would really like to go and see it in person one day. If you would like to see my review of this book click here.
One of the many things I learned while traveling around Newfoundland for my book Arn? Narn., was the preternatural friendliness of Newfoundlanders. It's way more than just a courteous wave or the perfunctory "Good morning" greeting most of us do without a second thought. No, this goes way beyond that. This, in my imaginary world of how it should be, is genuine and was cast in their DNA hundreds of years ago. Ask anyone who has been there and you will hear similar tales of uncommon courtesy, friendship, and generosity. Let me share some stories of what I've experienced first hand and another written by another author. They could provide a template for all of us.
Tea is a most common beverage in Newfoundland, rivaled probably only by beer. Tea is offered almost immediately upon visiting a Newfoundlander in their home and is a warm welcoming into their world. It is an invitation to sit awhile and get to know one another or just to catch up on things. Newfoundland definitely operates at a slower pace and one that I particularly enjoyed. One person I met up there described it as the "Land of Low Anxiety." OK. That works for just fine me. I will have that cup of tea. Matter of fact, I think I'll have another, thank you.
Generosity is the norm in Newfoundland. On one of my trips, I stayed in a cute little B&B in the small outport of Burgeo. I was to catch the ferry to the island of Ramea the next day. The innkeeper with whom I stayed, shared an early evening drink and asked me of my itinerary. I told her I would be leaving in the morning and returning about a week later. She inquired if I had seen anything of Burgeo while I was there. I told her I hadn't had the time. She said there was so much to see and it would be a pity of I missed it. She insisted that when I returned from Ramea, I stay at their inn (no charge!) and do a little sightseeing. That kind of generosity is not unusual.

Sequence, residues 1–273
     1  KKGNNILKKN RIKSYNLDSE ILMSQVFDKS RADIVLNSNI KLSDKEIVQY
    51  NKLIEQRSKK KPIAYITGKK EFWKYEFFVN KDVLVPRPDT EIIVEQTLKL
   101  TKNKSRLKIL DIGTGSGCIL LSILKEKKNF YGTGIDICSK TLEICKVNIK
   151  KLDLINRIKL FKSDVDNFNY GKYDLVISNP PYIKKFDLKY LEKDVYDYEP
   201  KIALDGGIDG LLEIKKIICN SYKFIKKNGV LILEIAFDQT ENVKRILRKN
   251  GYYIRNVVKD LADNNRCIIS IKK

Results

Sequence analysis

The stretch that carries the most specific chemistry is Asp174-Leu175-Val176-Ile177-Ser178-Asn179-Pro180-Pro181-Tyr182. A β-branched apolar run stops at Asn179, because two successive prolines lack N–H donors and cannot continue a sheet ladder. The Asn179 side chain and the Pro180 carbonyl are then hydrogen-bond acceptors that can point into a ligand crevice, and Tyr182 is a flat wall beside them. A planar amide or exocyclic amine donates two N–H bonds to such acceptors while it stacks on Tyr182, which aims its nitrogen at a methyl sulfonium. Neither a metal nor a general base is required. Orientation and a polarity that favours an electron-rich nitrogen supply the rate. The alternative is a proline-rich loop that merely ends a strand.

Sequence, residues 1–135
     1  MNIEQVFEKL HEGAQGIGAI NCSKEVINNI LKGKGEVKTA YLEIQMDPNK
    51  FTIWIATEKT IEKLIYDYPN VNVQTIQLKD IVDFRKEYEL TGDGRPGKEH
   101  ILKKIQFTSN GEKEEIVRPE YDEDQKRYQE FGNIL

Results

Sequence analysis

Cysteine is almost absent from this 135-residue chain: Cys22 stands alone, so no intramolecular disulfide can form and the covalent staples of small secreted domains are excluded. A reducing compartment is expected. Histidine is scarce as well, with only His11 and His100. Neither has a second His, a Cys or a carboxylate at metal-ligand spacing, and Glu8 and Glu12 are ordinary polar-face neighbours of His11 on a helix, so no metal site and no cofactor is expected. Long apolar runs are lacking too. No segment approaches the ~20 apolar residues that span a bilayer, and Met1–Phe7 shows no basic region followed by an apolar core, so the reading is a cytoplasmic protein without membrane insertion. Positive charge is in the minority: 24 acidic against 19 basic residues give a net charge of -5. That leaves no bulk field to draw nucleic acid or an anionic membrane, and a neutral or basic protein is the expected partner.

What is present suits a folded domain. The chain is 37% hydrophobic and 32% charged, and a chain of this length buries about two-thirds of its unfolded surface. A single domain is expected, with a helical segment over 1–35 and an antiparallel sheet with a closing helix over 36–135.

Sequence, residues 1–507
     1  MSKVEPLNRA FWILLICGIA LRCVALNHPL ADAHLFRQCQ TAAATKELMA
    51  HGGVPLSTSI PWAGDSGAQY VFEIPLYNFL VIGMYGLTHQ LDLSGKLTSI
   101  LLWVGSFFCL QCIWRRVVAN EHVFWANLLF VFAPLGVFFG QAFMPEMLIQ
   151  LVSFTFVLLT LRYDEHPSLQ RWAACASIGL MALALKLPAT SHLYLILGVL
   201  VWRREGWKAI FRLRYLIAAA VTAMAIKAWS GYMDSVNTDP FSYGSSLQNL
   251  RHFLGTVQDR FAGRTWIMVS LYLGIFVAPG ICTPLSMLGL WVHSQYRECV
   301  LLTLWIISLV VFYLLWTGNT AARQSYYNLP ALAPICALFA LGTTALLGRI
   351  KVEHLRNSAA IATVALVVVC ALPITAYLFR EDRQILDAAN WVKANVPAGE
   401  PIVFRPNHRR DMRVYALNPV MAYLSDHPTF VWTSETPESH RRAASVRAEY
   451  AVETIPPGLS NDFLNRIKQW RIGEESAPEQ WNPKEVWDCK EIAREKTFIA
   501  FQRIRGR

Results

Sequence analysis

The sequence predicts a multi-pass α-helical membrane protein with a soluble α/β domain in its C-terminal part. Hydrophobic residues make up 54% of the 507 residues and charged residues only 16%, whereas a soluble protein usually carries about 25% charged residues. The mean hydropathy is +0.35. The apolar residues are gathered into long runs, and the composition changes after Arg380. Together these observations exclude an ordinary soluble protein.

Another innkeeper invited me to dinner with her family at their own home. That's the way it is in Newfoundland. Their homemade wine was pretty good too.
One of my favorite stores about Newfoundland is found in the book, The Day the World Came to Town, 9/11 Gander, Newfoundland. written by Jim DeFede. After the 9/11 attacks, airspace over the US was closed down. 38 jetliners were diverted to Gander, Newfoundland, depositing over 6,500 people into Gander, a town of 10,000. People showed up at the airport with clothing, towels and linens, toiletries, and took then into their homes. They were fed and cared for. Many of the plane people still maintain strong ties to their Newfoundland hosts.
One day during their unscheduled visit to Newfoundland, some women were walking down a road when a Newfoundlander woman stopped her car and asked if they were from the planes. They replied, yes they were. The Newfoundlander asked where were they going. They said the mall. She said, hop in and I'll take you there. The plane women initially declined, not used to such friendliness. The driver insisted and then asked what they would do when they were done at the mall. Walk back to the school where they were staying was their response. The Newfoundland woman suggested they take her car since it would be no good to anyone just sitting in the parking lot all day. They declined, again not used to such generosity. They asked if she was concerned they'd steal it. Her response was pure Newfoundland, "It's an island, girlie. Where will you go?" That island culture defines their hospitality. They've come to rely on each other. If you're there, you're one of them.
Such is the generosity, friendliness, and warmth of Newfoundland that's a very good place to be.
I was not paid cash for this post. All opinions expressed are my own honest opinions. For more information please check my Disclosure Statement. Our giveaways are in no way sponsored or promoted by Facebook.